ment with Mexico for a coaling station
| on the Pacific coast and that the
| United States was menacing Mexico
as a protest.
Denials from the Japanese embassy
and from the ambassador himself as
, to the coaling station story, as well
as denials from the state department
here as to any connection of Japan
with the maneuvers, have failed to
stop the reports, which the president
1 regards as malicious.
A Socialist Who Refused to Pay Poll
Tax is a Candidate at Grafton,
S' Louis, Mar, 23.—J. J. Keon, who
spent three months in jail in Grafton,
111., because ho refused to pay his
poll tax, is the Socialist candidate for
mayor of that place.
if elected Keon says he intends to
run tlie town on socialistic principles.
Mrs Keon will accompany her hus
band and aid him in his campaign
Keon is a workman in tho powder
and dynamite mills below Grafton.
Manager Gehling Announces That It
Will Be Produced At the Geh
ling At An Early Date
Twenty years ago the reading of
tin.'els m the i n mv» rous manner of
today did not exist, and the st tries
read had to pass the censor of a
most critical public, and to no writ
er was the "ontre" extended to
siidi an extent as to K.P. Hoe, the
Presbyterian minister novelist. His
stories, while possessing uiiiisual
merit, were also clean and wholesome
nnd possessed morals that sank deep
into the reader’s mind, leaving one
a better man or woman for having
lead the book; for this reason Ills
writing were rend and are still read
by all.
"Barriers Burned Away," dealing
with the great Chicago fire lias been
read for one quarrter of a century by
over 3,000,000 people and It is safe
to say that over 1,500,000 copies of
the book have been sold.
George Middleton, who dramatized.
"The House of a Thousand Candles"
and "Rosalind at Red Gate" has made
an exeolleut dramatisation of this
story and it is easily proving the
success of the present season. Man
ager Gehling has arranged with the
Messrs. Gaskell-MacVltty and Car
penter for tbo production of tho
play at the Gehling Theater in the
near future and if local lnorest is
any criterion, capacity audience will
greet its engagement here.
Preliminary Hearing
The preliminary hearing of the
man who entered Clarence E. Smith’s
residence was held yesterday. Ho
was charged with daylight burglary
and was bound over to the district
court, which convenes next Thurs
Hobos—Plenty of Them
The usual number of hobos were
run in last, night and sent out of
town tills morning. The police of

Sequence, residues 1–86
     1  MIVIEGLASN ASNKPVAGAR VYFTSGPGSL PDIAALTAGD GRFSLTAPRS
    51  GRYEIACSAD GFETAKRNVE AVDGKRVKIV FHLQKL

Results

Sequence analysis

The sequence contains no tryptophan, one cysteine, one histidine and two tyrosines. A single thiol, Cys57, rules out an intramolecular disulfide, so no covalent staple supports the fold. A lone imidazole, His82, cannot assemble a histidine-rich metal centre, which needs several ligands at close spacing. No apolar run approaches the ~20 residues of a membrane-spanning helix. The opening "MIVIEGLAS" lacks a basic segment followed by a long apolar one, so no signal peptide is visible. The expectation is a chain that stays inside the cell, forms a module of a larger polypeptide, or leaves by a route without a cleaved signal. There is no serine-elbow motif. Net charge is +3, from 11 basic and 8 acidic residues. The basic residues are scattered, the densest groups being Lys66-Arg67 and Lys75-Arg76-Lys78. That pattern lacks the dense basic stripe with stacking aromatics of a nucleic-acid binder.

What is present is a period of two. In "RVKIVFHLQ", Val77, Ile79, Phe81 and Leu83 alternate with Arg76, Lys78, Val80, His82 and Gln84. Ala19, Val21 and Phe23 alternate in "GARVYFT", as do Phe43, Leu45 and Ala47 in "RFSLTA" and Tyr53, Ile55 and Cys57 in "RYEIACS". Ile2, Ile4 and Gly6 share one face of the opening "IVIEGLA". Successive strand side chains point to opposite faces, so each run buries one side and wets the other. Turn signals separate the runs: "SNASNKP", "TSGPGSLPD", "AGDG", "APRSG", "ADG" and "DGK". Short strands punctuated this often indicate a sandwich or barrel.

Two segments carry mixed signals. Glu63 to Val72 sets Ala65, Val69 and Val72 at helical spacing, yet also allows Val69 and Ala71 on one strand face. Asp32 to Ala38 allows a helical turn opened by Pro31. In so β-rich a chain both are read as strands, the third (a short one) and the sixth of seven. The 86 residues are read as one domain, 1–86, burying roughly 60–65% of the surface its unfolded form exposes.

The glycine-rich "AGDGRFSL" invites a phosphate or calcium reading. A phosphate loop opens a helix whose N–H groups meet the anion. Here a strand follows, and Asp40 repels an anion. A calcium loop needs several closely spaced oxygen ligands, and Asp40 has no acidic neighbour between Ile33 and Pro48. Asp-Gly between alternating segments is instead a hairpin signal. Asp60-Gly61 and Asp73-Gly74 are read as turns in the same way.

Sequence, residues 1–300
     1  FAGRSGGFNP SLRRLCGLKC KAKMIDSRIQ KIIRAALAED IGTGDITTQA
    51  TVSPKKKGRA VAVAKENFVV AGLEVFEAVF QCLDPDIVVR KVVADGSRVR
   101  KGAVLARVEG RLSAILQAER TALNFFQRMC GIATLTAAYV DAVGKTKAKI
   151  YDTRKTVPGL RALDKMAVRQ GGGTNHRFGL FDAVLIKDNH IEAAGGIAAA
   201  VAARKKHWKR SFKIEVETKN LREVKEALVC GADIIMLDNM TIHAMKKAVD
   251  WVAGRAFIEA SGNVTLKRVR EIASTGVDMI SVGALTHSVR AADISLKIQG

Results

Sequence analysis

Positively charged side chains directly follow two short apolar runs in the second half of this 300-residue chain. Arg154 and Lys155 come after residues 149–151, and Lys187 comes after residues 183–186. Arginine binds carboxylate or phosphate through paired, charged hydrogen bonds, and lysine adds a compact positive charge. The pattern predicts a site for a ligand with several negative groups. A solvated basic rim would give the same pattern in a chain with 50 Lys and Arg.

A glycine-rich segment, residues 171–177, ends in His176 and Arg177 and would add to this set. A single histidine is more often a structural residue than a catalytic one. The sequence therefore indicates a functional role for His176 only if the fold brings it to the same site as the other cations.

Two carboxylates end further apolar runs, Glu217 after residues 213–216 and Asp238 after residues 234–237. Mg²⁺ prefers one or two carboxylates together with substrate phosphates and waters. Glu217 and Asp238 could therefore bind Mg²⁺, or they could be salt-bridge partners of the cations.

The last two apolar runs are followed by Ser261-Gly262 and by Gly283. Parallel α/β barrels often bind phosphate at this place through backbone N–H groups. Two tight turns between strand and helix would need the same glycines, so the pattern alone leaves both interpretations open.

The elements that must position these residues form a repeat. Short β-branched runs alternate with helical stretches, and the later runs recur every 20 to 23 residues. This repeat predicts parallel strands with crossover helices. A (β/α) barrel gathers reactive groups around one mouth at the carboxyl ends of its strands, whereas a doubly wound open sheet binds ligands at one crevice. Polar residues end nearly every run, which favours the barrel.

ficers say we need a rock pile to
make them work, now when they
arc arrested and unable to pay their
fine they are sent to Jail to live off
tlie county for a number of days.
Meeting of City Federation
A call meeting of the City Feder
ation will be held at the < lub room,
Monday, March 27, All the mem
bers and officers of the various clubs
are requested to be present as
business of great importance is to
come before the meeting--Mrs. M.
C.lannini, President.
Auburn Man Injured
Auburn, March 22—11. M. Brissey
was badly hurt yesterday evening
by being knocked down and tramp
led upon by a horse that he was try
ing to induce to stand and have
his foretop clipped. Mr. IJrissey is
suffering great pain and will be
In ill up fc>i som- time.
Kansas Clt:. M.n ... Cattle Common
suers. $5,104(6.60; heifers, $1,254*6.35;
Stockers and feeders. $4.75(u 6.00. Hogc —
Hulk of Bales. $6,705(6.85. Sheep—I,arn' s,
$5,754( 6.35; good to choice wethers, $1.24
4/4.75; ewes, $4,004( 4.60.
Chit ago, Mar. 23 Beef-Steers, $5.1"t#
ti75. cows and heifers, $2,604( 5.75; stock
.is and feeders, $1,004/5.75. Hogs —Bulk .
if sales. $6,756( 6.00. Sheep—$3,004(5 30;
lambs, $5,004/6.60.
St. Could, Mar. 23.—Beef—Steers, $6.00
4(6 75; stockers and feeders. $1,004(5.75;
cows and heifers. $4,604*5.80; Texas
steers. $4.354*5.GO. Hogs—Pigs and lights,
$0 004( 6.70. Sheep- Natives. $3.754*5.00;
lambs. $5,004(6.45.
Kansas City, Mar. 23.—Close Wheat
May. 85%c; July, 84%c; Sept., 84-So. Cora
—May, 4774c; July, 48c; Sept.. 4S74c.
Chicago, Mar. 23 -Close Wheat—May,
90'Ac; July, 8994c; Sept , 89 V-\ Corn
May. 4S%c; July. 50Vic; Sept.. 5l%c. Oats
—May, 31c; July, 3074c; Sept , 303,0.
St 1 wtuls, Mar. 23.—Cash \\ heat—Hull;
track No. 2 red, 896 93*4*-; No. 2 hard,
XT' '.199 Co n I SI. t« uk No. 2,
■S6>I«( 46V4e; No. 2 white, 4674 6/ 4774 C.
| Oats Steady; tra. k No. 2, :’$',»* No. 2
white 32Vjc. Rye—Firm; P3c, Close—
i Future- Wheat—Higher; May, 8974c;
i July, 87 Ac. Corn- Firm; May, 477*4#
I 47|4c; July, 48%Q $9 ■. Oats—ft U
May, 30c; July. 30*ic.
Kansas Cty, Mar. 23—Kggs, 14Vxc do*.
Poultry Hens. 13.; spring. 15*; tur
keys, 14Vic; butter, creamery, extra, 21o;
packing stock, 12Vic. Potatoes, Colorado,
i U» i* 75c.